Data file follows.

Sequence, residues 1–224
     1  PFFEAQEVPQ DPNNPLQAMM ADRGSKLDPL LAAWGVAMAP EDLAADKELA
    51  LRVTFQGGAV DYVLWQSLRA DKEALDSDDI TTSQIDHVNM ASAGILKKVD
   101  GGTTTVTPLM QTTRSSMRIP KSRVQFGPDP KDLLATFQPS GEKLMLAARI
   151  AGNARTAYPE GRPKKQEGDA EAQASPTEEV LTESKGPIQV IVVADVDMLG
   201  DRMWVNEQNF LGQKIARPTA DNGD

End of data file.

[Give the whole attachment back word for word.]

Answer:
Sequence, residues 1–224
     1  PFFEAQEVPQ DPNNPLQAMM ADRGSKLDPL LAAWGVAMAP EDLAADKELA
    51  LRVTFQGGAV DYVLWQSLRA DKEALDSDDI TTSQIDHVNM ASAGILKKVD
   101  GGTTTVTPLM QTTRSSMRIP KSRVQFGPDP KDLLATFQPS GEKLMLAARI
   151  AGNARTAYPE GRPKKQEGDA EAQASPTEEV LTESKGPIQV IVVADVDMLG
   201  DRMWVNEQNF LGQKIARPTA DNGD